White Writing painter Mark / SAT 6-11-11 / Classic Kipling poem ending / Miss Hannigan's charge / Creature Tennessee Williams title
Saturday, June 11, 2011
Constructor: Gary Cee
Relative difficulty: Medium
THEME: none — though puzzle is anchored by a single answer in two symmetrical grid-spanning segments: 17A: With 53-Across, classic Kipling poem ending ("YOU'RE A BETTER MAN / THAN I AM, GUNGA DIN")
Word of the Day: Mark TOBEY (23A: "White Writing" painter Mark) —
Mark George Tobey (December 11, 1890 – April 24, 1976) was an American abstract expressionist painter, born in Centerville, Wisconsin. Widely recognized throughout the United States and Europe, Tobey is the most noted among the "mystical painters of the Northwest." Senior in age and experience, Tobey had a strong influence on the others. Friend and mentor, Tobey shared their interest in philosophy and Eastern religions. Along with Guy Anderson, Kenneth Callahan, Morris Graves, and William Cumming, Tobey was a founder of the Northwest School. (wikipedia)
I don't know much about Kipling, but I knew the GUNGA DIN line, and was shocked to find it slide right in, with no crosses in place—which was fortuitous, as I was making no headway with the first few clues I tried. With 30 free squares handed to me right off the bat, I managed to crawl around the grid and piece it all together eventually, in something like an average Saturday time, maybe *slightly* faster. I'm trying to imagine how difficult this would've been if I'd been utterly unfamiliar with the Kipling phrase. I'm guessing the older you are, the more familiar the poem is, generally. I don't think younger people read Kipling much anymore. It had gone out of fashion / out of the curriculum by the time I was in school, and I know the line in the puzzle only because of my dad's love of Jim Croce.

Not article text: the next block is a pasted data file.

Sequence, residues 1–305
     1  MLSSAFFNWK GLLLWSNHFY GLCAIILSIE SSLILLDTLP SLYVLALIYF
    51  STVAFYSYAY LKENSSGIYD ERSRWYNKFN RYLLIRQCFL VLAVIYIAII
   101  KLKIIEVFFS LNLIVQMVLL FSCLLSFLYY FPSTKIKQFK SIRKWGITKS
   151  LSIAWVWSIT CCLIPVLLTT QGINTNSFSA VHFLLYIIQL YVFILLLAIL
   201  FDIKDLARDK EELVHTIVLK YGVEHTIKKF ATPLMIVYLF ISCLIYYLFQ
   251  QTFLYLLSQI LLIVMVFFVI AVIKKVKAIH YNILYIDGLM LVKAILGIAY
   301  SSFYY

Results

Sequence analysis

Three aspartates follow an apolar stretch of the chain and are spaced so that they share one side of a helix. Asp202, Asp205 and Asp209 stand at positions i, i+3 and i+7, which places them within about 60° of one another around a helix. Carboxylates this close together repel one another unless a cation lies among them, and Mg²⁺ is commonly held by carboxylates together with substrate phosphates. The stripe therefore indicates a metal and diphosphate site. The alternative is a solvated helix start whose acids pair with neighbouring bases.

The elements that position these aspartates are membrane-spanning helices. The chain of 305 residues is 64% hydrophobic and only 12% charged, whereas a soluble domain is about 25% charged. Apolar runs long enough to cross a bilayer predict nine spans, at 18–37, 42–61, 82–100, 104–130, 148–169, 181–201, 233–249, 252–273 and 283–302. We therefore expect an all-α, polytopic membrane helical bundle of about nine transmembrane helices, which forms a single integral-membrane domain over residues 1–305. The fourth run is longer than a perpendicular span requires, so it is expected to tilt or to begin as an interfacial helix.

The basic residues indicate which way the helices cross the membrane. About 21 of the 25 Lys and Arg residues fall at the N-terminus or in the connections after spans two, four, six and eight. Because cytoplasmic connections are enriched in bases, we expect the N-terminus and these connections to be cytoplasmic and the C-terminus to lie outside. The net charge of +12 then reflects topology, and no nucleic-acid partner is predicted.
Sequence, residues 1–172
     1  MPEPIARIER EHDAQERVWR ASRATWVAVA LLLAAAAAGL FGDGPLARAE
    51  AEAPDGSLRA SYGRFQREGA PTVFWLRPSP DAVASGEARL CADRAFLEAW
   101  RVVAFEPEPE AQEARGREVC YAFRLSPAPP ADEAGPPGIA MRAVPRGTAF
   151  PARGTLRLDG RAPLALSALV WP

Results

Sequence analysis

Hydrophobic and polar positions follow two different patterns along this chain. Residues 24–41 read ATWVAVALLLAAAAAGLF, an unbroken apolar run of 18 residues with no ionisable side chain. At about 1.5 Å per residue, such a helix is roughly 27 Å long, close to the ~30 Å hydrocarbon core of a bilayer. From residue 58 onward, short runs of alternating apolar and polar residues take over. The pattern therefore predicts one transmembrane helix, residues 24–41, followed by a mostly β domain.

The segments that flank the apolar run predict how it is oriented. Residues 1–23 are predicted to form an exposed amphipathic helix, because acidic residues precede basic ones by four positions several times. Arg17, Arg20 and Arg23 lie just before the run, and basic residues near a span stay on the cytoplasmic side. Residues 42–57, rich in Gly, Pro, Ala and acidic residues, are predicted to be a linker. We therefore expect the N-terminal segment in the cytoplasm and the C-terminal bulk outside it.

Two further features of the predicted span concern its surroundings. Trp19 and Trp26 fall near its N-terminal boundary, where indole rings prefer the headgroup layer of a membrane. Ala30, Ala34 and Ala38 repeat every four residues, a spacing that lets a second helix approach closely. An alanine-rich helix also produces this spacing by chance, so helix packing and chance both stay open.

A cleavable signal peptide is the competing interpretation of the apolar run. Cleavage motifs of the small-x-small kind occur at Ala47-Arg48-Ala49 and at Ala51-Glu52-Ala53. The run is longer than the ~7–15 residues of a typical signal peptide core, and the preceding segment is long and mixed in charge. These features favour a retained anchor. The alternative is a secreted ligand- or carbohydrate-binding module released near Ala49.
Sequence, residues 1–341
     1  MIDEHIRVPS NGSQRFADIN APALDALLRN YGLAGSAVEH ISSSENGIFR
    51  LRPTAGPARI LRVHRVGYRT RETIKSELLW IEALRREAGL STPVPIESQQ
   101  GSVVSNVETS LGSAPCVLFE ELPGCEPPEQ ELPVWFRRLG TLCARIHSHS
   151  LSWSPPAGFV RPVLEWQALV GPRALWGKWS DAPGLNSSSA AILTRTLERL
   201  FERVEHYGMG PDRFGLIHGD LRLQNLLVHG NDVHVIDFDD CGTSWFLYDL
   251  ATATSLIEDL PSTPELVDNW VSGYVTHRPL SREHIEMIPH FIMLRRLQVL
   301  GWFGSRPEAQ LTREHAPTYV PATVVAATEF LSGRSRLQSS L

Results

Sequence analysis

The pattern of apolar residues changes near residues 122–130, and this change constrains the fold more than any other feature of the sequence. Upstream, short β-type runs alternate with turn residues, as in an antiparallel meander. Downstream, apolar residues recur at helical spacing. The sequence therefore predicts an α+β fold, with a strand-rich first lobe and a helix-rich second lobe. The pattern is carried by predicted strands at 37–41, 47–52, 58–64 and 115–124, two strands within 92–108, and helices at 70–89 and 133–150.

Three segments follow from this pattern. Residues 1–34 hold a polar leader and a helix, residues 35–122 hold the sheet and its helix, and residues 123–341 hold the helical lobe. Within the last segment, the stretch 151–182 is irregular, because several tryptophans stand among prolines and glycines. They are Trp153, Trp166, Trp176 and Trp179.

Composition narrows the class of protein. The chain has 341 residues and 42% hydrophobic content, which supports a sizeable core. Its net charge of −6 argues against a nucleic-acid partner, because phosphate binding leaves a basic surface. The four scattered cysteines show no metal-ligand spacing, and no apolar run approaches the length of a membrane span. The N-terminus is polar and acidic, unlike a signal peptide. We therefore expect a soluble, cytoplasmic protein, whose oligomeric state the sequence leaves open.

I like this grid a lot. Not a lot of showy stuff, lots of very common letters, but I respect the choice of smoothness over fireworks. Few things to make me say YUCK (38A: "Ewww!"). TONETTE is a little out of left field (56A: Small, simple flute), and TENA, MOR, and ITA aren't gonna make anyone stand up and clap (22A: ___ penny (very common, in British lingo); 40A: Tangier location: Abbr.; 54D: Spanish name suffix), but there's nice stuff here and there (TWITTER over ROGAINE (1A: Service with many followers + 15A: Hair-raising stuff?), the full NORMA RAE (11D: Field work that was award-winning), and FURLOUGH (36D: Leave), to name a few), and suitably tough clues to make the whole experience more than worthwhile.
One of the primary locations in Alan Moore and Dave Gibbons' "Watchmen" is an eatery called The Gunga Diner. I would say next to none of my students get the reference.
Several names I didn't know today, most notably that Mark TOBEY guy. I've seen lots of Abstract Expressionism exhibits, so his work has probably been right in front of me at some point, but his name clearly didn't stick. Never heard of PAULA Creamer (47A: Creamer who won the 2010 U.S. Women's Open). Did not know Casanova's first name was GIACOMO; I had him as GIAN-something at first. Thought maybe ELLA was Betta Than Evvah! at first (ETTA). Worst guessing took place at 47D: Big name in aircraft engines (PRATT), where I had TRANE (?) and then contemplated KRAFT (!?) before finally getting the right answer entirely from crosses. PRATT is a school of design in NYC. Also the last name of the actor who plays Andy on "Parks & Recreation."
- 31A: Attempt to enter dead space? (SEANCE) — is "dead space" a thing? Besides a video game, I mean? (I get the play on words, but usually the play is on ... something familiar. I've heard of "dead air," but not "dead space").
- 41A: East Coast city where tourism peaks in October (SALEM) — is this to do with leaf-peepers or witches?
- 3D: Creature in a Tennessee Williams title (IGUANA) — as in "Night of the..."; it's a horror play about this IGUANA who tattoos LOVE and HATE on his knuckles and terrorizes two young children.
- 18D: Brachium's end (ELBOW) — with the "W" in place, I got this instantly. Without the "W," I doubt I'd have been as immediately successful.
- 44D: Like the language Kalaallisut (ESKIMO) — Looked Finnish to me, which is at least the right general climate.
- 48D: Miss Hannigan's charge, on Broadway (ANNIE) — got it off the second "N," though I would've guessed this without any crosses, despite not remembering the name "Miss Hannigan." "Charge" made it easy to guess.
Signed, Rex Parker, King of CrossWorld
[Follow Rex Parker on Twitter]
P.S. Yoni Brenner, who was a freshman honors student in my Great Books section at Michigan when I was a grad student, has an Op-Ed piece in today's NYT. He was off-the-charts smart, and I'm so happy to see his name again, 12 years later.